Being an effective leader is much more than just being the one in charge and delegating workloads. You’re the one that needs to instil the right motivation and attitudes into the people around you. You’ve got the vision for the end result, and it’s on you to get your team to give it their best.

You need to stand up and be accountable when it matters. If your team’s work isn’t up to the necessary standards, it’s your responsibility to find out why and solve the issue. It’s on you to spot when workloads are too high, or morale is low. Whether you’re the one that sets the work or just manages it, as a leader it’s on you to identify when problems happen.

You should know your people and their roles well enough to predict and pre-emptively avoid major issues. You should make it known to those around you that you’re there to help, so problems don’t fester and grow.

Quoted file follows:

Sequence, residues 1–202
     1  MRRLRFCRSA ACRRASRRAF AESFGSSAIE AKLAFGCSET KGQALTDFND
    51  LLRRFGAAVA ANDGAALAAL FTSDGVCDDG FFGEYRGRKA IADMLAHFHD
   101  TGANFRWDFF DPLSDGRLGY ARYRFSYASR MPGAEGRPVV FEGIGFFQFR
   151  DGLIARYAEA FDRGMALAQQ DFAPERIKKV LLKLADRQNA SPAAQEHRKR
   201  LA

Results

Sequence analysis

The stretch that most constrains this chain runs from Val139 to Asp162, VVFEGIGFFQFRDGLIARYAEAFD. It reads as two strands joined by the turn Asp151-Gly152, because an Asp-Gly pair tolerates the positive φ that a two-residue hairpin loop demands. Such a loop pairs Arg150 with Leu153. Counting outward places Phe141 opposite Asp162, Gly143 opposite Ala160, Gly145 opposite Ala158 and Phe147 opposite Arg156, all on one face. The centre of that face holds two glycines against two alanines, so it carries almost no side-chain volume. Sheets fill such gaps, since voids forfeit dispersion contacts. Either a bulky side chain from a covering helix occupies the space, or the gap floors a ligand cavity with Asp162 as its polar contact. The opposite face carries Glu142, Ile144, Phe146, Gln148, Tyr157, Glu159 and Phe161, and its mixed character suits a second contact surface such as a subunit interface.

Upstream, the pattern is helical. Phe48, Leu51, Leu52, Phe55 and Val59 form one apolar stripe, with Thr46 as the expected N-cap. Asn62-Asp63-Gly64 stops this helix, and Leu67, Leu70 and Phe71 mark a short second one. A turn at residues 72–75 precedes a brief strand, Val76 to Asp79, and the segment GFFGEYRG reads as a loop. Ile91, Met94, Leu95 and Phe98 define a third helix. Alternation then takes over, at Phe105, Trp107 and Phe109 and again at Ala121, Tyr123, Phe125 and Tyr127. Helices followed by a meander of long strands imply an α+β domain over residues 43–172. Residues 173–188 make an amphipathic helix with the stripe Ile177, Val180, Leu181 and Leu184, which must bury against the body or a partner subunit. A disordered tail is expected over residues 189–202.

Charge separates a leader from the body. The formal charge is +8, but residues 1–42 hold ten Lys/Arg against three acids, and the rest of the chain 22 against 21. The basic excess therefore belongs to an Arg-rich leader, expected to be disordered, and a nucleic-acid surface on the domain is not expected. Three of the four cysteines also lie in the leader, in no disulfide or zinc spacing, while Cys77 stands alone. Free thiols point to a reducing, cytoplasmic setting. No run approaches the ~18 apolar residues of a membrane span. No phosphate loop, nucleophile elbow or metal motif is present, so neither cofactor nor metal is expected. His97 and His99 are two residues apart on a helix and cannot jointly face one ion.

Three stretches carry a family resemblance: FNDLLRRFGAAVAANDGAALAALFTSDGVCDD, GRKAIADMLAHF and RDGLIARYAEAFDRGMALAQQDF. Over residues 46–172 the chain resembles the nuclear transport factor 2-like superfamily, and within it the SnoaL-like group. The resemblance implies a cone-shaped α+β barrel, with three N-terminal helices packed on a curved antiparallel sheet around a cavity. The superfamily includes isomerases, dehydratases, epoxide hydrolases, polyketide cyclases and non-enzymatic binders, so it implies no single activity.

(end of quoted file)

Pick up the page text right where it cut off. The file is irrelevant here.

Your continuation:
This is where the split happens: if you can’t get the best out of your people, it’s either because you’ve assigned the wrong work to the wrong people, or you’ve been unable to get them to do what’s needed. But if they do succeed, it’s ultimately because they’ve worked hard.

Of course, you should be congratulated and recognised for leading them and getting them to do their best work, but you should understand that there’s really no place for ego when it comes to the very best leaders. Success should be shared; failures are yours to bear.